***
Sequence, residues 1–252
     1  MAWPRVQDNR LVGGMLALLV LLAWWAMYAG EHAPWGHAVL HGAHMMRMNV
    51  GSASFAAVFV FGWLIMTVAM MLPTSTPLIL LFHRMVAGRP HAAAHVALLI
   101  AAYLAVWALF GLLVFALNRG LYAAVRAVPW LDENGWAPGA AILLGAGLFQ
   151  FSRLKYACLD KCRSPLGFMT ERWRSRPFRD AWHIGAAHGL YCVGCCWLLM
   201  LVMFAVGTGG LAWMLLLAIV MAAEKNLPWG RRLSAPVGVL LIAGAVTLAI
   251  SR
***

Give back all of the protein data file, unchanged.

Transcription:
Sequence, residues 1–252
     1  MAWPRVQDNR LVGGMLALLV LLAWWAMYAG EHAPWGHAVL HGAHMMRMNV
    51  GSASFAAVFV FGWLIMTVAM MLPTSTPLIL LFHRMVAGRP HAAAHVALLI
   101  AAYLAVWALF GLLVFALNRG LYAAVRAVPW LDENGWAPGA AILLGAGLFQ
   151  FSRLKYACLD KCRSPLGFMT ERWRSRPFRD AWHIGAAHGL YCVGCCWLLM
   201  LVMFAVGTGG LAWMLLLAIV MAAEKNLPWG RRLSAPVGVL LIAGAVTLAI
   251  SR